NASA in the South Symposium

Thursday, March 28, 2019- March 29, 2019 Multiday event - 1 days

8:30 AM12:00 PM

Student Services Building

ROom 112

The purpose of this symposium is to examine the economic, social, and political impact NASA has had on the South over the past 60 years and to explore how that southern ‘accent’ has affected the development of NASA’s organizational culture, technology development, and programmatic goals.  It is jointly sponsored by the NASA Marshall History Office and the UAH History Department with generous funding from the UAH Humanities Center.  Events are free and open to the public.  See

NASA in the South Symposium

March 28-29, 2019

The University of Alabama in Huntsville
301 Sparkman Drive, Huntsville, AL 35899
Student Services Building (SSB)

Campus Map:

On March 28-29, 2019, the NASA Marshall Space Flight Center History Office and the University of Alabama Huntsville (UAH) History Department will host a symposium at UAH addressing the impact of NASA on the southern United States. All sessions are free and open to the public. No separate registration is required.


Brian C. Odom, Historian at NASA Marshall Space Flight Center

Stephen P. Waring, University of Alabama Huntsville History Department Chair

Symposium Program
First Day – Thursday, March 28, 2019

8:00 – 8:30am – Registration/Check-In

8:30am – 9:00am Welcome Addresses

Dr. Robert A. Altenkirch, President of The University of Alabama in Huntsville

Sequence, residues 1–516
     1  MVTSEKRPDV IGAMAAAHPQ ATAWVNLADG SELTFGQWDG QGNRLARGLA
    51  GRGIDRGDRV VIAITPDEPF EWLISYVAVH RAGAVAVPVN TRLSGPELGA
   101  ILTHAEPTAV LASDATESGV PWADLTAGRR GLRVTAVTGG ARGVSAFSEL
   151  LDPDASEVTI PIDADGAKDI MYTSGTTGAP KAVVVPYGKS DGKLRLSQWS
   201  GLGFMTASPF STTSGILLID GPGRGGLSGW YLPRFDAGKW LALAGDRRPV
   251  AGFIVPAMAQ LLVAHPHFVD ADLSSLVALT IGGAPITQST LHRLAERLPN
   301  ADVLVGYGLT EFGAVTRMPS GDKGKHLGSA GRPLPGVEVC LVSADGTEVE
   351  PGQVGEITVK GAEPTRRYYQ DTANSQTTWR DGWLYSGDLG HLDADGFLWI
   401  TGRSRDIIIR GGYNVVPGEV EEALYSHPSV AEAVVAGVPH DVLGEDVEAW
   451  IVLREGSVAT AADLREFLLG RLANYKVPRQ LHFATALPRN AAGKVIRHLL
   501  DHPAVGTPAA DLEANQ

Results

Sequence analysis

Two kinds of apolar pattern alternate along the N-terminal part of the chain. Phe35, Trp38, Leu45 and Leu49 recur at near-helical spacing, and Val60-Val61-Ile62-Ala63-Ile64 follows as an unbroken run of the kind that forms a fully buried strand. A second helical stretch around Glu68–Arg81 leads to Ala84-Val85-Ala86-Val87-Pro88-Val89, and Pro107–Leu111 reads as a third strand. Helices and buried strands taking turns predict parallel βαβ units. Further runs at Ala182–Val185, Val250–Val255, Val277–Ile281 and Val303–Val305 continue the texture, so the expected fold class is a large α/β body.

Jody Singer, Director of NASA’s Marshall Space Flight Center

9:00am – 9:45am - Opening Keynote

Douglas Brinkley

John F. Kennedy and NASA's Southern Strategy

Douglas Brinkley is the Katherine Tsanoff Brown Chair in Humanities and Professor of History at Rice University, the CNN Presidential Historian, and a contributing editor at Vanity Fair.  He works in many capacities in the world of public history, including on boards, museums, colleges and historical societies. The Chicago Tribune dubbed him “America’s New Past Master”.  The New-York Historical Society has chosen Brinkley their official U.S. Presidential Historian.  His recent book Cronkite won the Sperber Prize while The Great Deluge:  Hurricane Katrina, New Orleans and the Mississippi Gulf Coast received the Robert F. Kennedy Book Award.   He has received a Grammy Award for Presidential Suite and seven honorary doctorates in American Studies.  His two-volume annotated The Nixon Tapes recently won the Arthur S. Link – Warren F. Kuehl Prize.  He is a member of the Century Association, Council of Foreign Relations and the James Madison Council of the Library of Congress.  He lives in Austin, Texas with his wife and three children. 

9:45 – 10:00am – Break

10:00am – 11:30am – Panel Discussion

Moderator: Bill Barry, NASA Chief Historian

Kari Edwards, University of Mississippi
Gateway to the Stars: Fundamentalism, Space Tourism, and the Cape Canaveral Bible Conference